Off the ball and off the wall

Some of the off-pitch action surrounding the World Cup that you might have missed...


    (JUNE 22) Kofi Annan makes a welcome return to this column with news that the UN boss has let his neutrality slip a little, putting his support fully behind his home side of Ghana in Thursday's crunch encounter with the USA.

    Annan: Backing my boys

    "I'm proud of my boys," said Annan, who hails from the West African nation. "They've played very well and I expect them to play equally well today."

    The secretary general then remembered a little bit of diplomatic balance, offering a few words of encouragement to the US team.

    Slipping back into balanced UN-speak, Annan also had kind words for the US team: "Of course I live in America, and I expect their team to play well."

    There was one bone of contention though: "Unfortunately I'll be trapped in a plane as the match goes on. I'll be on my way to New York."


    (JUNE 13) Cambodia's legions of Buddhist monks have been ordered to remain calm and suitably serene during World Cup matches or risk being defrocked.

    Non Nget, the patriarch in Phnom Penh, has ruled that cheering or - even worse - betting on matches are against Buddhism. Being a passive fan though is tolerated.

    "It is very difficult to ban them because new technology means the games can be aired live and seen everywhere," he told Reuters. "They may watch, but must be calm."


    You can watch it, but you can't like it


    (JUNE 11) - As promised we're keeping you up to date with all the World Cup action, wherever it takes place.

    A different kind of league, under
    the sea

    So check out this stunning near miss at a match last week held in Yokohama's Hakkeijima Sea Paradise aquarium.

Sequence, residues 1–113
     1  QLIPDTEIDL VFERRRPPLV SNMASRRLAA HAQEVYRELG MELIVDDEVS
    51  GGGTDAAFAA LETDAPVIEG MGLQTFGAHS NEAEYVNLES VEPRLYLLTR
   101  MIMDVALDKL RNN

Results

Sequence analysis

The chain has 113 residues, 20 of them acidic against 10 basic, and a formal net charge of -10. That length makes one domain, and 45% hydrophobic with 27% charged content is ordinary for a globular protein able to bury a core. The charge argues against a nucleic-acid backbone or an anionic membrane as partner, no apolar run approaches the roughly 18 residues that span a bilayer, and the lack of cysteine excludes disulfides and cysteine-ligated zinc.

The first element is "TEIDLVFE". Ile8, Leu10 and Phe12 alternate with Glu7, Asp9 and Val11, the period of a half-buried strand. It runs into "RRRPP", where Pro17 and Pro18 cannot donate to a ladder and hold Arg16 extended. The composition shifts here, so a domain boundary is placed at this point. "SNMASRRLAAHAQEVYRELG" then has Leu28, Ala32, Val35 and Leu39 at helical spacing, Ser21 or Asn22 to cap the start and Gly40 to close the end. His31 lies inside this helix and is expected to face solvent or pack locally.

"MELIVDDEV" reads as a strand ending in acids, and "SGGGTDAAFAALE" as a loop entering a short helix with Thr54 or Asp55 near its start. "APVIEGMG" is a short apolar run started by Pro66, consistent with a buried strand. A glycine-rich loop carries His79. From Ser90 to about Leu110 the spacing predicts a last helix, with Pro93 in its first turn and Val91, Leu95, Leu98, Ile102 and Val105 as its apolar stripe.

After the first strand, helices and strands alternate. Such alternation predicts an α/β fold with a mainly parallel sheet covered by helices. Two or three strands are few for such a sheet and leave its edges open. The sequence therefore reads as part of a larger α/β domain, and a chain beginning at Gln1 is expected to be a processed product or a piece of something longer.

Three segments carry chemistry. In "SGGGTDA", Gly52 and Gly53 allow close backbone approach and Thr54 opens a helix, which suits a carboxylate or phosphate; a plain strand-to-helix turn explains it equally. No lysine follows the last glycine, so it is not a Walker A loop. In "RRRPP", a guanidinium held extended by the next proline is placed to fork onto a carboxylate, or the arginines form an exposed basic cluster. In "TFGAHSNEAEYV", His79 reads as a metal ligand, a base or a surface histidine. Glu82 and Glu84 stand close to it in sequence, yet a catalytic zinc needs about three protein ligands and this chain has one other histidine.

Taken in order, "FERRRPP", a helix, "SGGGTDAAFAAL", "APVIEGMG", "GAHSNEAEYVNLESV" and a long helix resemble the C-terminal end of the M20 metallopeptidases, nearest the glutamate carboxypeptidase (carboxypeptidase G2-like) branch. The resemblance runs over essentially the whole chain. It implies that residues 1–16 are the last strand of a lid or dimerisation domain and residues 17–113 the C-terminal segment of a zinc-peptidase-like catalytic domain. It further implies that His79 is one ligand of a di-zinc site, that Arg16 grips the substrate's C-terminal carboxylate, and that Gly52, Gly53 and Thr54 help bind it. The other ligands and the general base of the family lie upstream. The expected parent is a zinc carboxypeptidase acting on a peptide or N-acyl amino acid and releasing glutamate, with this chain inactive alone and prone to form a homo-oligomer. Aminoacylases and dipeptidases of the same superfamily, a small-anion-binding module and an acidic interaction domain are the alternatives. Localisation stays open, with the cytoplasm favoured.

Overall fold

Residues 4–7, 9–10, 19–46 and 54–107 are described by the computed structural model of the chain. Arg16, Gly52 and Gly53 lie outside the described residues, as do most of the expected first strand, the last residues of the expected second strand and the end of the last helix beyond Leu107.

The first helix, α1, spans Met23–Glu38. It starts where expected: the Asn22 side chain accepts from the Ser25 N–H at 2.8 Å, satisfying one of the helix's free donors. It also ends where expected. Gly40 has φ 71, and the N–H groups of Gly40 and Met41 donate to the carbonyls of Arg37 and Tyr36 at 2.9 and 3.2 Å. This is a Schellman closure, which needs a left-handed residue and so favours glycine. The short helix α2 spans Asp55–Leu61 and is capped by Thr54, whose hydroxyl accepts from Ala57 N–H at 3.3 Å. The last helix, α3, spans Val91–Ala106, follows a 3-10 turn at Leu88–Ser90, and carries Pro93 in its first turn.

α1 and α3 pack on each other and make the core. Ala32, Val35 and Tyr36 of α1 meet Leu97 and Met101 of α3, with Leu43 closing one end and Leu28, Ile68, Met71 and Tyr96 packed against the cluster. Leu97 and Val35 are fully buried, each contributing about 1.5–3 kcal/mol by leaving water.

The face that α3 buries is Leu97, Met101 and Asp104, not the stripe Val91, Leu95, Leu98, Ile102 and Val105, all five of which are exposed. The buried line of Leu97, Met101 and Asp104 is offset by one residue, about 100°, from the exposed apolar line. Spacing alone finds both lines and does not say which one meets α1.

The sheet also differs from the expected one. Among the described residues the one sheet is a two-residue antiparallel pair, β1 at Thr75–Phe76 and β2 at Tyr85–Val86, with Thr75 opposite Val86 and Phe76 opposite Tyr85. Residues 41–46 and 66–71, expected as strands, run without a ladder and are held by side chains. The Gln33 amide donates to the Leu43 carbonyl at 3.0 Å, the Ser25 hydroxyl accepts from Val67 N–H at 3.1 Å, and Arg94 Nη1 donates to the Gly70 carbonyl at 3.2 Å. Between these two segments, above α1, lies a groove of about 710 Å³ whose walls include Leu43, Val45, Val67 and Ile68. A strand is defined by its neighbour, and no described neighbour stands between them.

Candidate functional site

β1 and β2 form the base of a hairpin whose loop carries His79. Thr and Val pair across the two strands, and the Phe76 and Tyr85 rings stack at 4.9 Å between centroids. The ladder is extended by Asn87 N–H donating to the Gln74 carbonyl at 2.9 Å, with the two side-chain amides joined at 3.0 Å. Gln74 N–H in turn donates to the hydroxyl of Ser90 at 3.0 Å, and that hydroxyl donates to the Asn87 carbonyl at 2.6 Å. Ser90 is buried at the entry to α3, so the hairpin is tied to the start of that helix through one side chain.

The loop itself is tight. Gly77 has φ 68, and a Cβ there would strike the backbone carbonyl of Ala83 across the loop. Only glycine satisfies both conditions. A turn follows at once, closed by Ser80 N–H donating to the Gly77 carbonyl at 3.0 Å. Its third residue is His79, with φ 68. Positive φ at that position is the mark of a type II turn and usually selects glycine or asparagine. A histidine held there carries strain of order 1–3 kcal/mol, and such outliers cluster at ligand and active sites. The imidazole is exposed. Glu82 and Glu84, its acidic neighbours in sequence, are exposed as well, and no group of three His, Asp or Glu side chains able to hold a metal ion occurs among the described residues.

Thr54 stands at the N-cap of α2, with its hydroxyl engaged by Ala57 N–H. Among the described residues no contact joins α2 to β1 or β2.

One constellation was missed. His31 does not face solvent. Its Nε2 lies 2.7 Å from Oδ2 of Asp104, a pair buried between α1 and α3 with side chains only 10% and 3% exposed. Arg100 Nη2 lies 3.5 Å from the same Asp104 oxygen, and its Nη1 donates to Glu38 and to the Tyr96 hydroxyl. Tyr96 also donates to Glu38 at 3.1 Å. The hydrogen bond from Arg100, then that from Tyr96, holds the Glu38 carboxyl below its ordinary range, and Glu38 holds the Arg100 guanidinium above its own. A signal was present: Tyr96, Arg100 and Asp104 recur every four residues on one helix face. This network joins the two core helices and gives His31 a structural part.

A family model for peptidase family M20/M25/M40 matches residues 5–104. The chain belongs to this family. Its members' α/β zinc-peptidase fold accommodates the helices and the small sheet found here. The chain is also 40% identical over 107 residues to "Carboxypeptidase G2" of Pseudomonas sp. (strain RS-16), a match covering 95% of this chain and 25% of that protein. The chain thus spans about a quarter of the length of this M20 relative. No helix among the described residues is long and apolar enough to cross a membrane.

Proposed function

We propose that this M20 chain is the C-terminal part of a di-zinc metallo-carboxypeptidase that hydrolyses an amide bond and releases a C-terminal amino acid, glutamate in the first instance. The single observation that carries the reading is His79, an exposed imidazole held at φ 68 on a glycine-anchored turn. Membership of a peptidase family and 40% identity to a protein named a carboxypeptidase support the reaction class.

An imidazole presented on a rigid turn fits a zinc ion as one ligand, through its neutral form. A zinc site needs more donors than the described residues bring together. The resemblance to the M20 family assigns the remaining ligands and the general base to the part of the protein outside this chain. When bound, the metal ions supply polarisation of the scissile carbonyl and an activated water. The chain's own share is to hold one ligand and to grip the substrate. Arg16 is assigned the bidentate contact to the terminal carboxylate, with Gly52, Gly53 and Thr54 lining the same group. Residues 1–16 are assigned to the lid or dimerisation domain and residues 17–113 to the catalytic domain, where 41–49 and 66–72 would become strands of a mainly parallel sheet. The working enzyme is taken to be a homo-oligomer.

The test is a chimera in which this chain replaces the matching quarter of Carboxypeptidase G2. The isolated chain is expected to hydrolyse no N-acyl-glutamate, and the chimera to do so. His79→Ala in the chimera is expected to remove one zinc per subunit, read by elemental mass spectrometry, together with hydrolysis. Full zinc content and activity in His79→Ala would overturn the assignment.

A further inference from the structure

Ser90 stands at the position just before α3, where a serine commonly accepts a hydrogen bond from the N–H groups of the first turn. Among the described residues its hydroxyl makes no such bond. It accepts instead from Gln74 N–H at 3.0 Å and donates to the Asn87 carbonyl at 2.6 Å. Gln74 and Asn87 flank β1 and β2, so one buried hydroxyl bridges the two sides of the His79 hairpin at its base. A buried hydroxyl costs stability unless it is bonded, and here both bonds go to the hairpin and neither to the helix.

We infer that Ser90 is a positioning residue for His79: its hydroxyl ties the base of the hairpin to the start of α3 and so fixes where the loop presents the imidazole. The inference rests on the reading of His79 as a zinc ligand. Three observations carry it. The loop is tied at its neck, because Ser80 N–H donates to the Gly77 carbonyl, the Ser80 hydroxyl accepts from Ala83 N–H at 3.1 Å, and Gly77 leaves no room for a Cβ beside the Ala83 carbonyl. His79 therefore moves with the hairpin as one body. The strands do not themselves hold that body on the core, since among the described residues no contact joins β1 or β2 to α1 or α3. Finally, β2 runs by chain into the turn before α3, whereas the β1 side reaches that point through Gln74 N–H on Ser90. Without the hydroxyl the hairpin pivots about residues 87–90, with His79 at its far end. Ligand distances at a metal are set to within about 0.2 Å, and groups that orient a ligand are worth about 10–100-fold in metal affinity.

The crowd went wild (so we are told) as Australia (playing in green) narrowly deflected a shot from Japan (playing in blue).

    Japan, otherwise known as blue palatte surgeon fish, will be pitted against other teams during the tournament, staff at the aquarium say. 

    To give the players an added incentive, the ball is filled with fish food.



    (JUNE 9) - Shock news out of Moscow - 10% of Russians think Brazil will win the World Cup.

    Spot the Russian: Ref Valentin
    Ivanov, Russia's sole contribution

    OK, no real surprises there. In second place, however, with 6% of the vote, comes Russia itself.

    Not actually having a team in the tournament is apparently of little concern to those confident in Russia's chances. Indeed, barring a storming-of-the-Winter-Palace style pitch invasion, the only Russian expected to get his feet on the hallowed World Cup turf is referee Valentin Ivanov.

    The poll of 1,600 Russians was conducted last month by the Levada Center polling institute. "Even among those who say they plan to follow the championship in detail, nearly one in 10 said the Russian team, which is not taking part, would be victorious," they noted.

    Overall it seems Russians are a fairly non-commital bunch. A full 75% of those polled ticked the "hard to say" box.


    (JUNE 8) - Every couch potato footie fan has their favourite snack to munch on during a match - but apples and bananas rarely feature very highly.

    Stocking up for a month in front
    of the telly

    Not for Hong Kong though, which is urging its football-mad residents to chow through plenty of fruit while keeping the vigil during Germany '06. Because of time differences, almost all the matches will be in the middle of the night Hong Kong time, and that has health officials worried.

    Sleep deprivation, lack of exercise, poor diets and an inevitable excess of alcohol

    will spark an outbreak of a different kind of football fever they fear, leading many Hong Kongers to be struck down with sickness.